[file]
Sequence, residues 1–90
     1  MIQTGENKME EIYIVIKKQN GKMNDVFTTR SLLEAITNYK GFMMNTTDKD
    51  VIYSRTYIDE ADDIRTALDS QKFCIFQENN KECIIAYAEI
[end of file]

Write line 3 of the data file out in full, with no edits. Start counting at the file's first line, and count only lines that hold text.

    51  VIYSRTYIDE ADDIRTALDS QKFCIFQENN KECIIAYAEI